The Red Mason Bee species is known for being an important pollinator and plays a crucial role in maintaining ecosystems

The Red Mason Bee

These bees love mud pies...

Did you know that a female red mason bee takes 20 trips to find mud to build its cell?

That's something to watch out for in your garden!

So, How Can You Recognise Them?

The males are smaller and slimmer than their female counterparts and have thin antennae. Female mason bees are much larger bees with boxy heads and horns on their heads.

Despite their name, red mason bees are also orange in colour.

Where Can You Find Red Mason Bees?

You will find red mason bees between bricks and other cavities in buildings. They also like DIY bee hotels as they can build their mud cells in the narrow bamboo tubes.

Between April and June, you can see them buzzing about in parks and gardens across the UK.

Are Red Mason Bees Solitary or Social?

Red mason bees are solitary bees, and like most solitary bee species, each nest is started by one lone-working female bee.

Are They Still Bees if They Don't Make Honey?

Yes! There are 250 types of solitary bees in the UK that don't produce honey on a large scale like honey bees.

What Do They Do for Us?

A bee hotel on a red brick wall with tubes closed

A Red Mason bee using a bee hotel

Solitary bees are crucial to our ecosystems. They pass pollen between flowers; without them, animals like birds, mice and other mammals couldn't survive. They are fantastic at making your garden of flowers and vegetables look amazing! They are even more effective than honey bees at pollinating our flowers, trees, and crops.

Beyond feeding everyone through their pollinating efforts, red mason bees also provide an inside look into our natural world. They are non-aggressive like other solitary bees, as they have no honey to protect. This lets scientists and us get up close to view their hard work and better understand the health of our environment by mapping their behaviour. (Who wouldn't want to see our furry-like saviours hopping about?!)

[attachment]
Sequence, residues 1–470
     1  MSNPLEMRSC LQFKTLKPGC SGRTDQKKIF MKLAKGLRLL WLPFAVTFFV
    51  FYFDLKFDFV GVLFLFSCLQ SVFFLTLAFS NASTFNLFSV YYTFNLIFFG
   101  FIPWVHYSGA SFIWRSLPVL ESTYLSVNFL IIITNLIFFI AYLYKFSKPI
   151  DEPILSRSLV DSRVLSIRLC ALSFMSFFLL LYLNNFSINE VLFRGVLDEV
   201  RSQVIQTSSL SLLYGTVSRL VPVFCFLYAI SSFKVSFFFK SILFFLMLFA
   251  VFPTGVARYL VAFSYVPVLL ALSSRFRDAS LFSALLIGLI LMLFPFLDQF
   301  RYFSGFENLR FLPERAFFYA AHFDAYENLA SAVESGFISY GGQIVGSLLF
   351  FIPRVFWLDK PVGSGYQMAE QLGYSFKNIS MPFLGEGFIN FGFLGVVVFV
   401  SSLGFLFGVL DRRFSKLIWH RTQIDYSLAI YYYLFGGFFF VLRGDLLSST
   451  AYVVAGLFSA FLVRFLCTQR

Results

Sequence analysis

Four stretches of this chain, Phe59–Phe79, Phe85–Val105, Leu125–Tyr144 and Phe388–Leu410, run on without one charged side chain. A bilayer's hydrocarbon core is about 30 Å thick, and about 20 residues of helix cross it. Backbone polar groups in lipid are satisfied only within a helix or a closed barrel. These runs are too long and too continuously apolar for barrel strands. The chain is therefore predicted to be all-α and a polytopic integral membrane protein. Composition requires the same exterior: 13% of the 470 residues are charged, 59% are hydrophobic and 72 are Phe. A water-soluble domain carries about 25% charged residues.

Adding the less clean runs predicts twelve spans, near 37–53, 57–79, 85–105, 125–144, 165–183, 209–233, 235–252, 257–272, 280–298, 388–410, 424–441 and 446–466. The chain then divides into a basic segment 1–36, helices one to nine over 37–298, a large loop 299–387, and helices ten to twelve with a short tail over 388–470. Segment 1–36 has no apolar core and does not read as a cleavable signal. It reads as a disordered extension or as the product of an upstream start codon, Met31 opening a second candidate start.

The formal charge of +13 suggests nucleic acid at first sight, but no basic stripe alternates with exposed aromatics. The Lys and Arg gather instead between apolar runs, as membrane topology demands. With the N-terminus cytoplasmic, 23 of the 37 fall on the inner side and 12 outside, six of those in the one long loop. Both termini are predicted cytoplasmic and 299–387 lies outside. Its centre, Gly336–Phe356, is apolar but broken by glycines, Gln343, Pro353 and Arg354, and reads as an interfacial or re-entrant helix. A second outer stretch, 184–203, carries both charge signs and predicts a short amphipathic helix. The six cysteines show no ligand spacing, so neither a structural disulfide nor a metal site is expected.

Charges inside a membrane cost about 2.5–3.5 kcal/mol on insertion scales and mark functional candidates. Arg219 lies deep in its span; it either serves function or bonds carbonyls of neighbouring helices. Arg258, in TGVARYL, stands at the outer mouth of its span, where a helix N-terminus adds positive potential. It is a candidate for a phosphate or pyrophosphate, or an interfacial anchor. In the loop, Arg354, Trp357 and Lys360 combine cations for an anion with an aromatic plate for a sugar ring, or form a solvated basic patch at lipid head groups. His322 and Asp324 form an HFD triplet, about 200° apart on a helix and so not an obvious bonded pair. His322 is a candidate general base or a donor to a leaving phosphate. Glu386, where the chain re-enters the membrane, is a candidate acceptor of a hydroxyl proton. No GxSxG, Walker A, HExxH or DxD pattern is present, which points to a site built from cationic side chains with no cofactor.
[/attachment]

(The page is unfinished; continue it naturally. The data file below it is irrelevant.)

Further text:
Now it's time for some top facts to get you buzzing...

Fun Facts

  • Despite being orange, red mason bees get their name from hiding in brickwork to build their nests.
  • In addition to being found all over the UK and Wales, red mason bees have been found to travel up as far as Scotland and even Ireland!
  • The female red mason bees' curved horns on their heads are a feature that is not seen in any other British bee species.
  • Many bees pick up pollen from flower to flower on their legs. But female red mason bees have 'pollen brushes' under their abdomen. When fully stocked with pollen, these bees look even more bright and orange than usual!

What Can We Do for Them?

When learning about bees, we can be eager to find out what they do for us instead of how we can help them. Funnily enough, if we look after our bees, they can continue to look after us!

Some of the best ways of looking after our red mason bees are to create spaces for them in our gardens with bee hotels. You don't have to buy one of our ready-made ones, as you can also get the whole family involved and find out how to create your own bee hotel.

To go the extra mile for our red mason bees, remember to place/dampen the mud near your bee hotel to help them build their nests. Do this in early Spring, and you can watch them carry it back and forth.

Thank you for being an active part of our bee-saving community.

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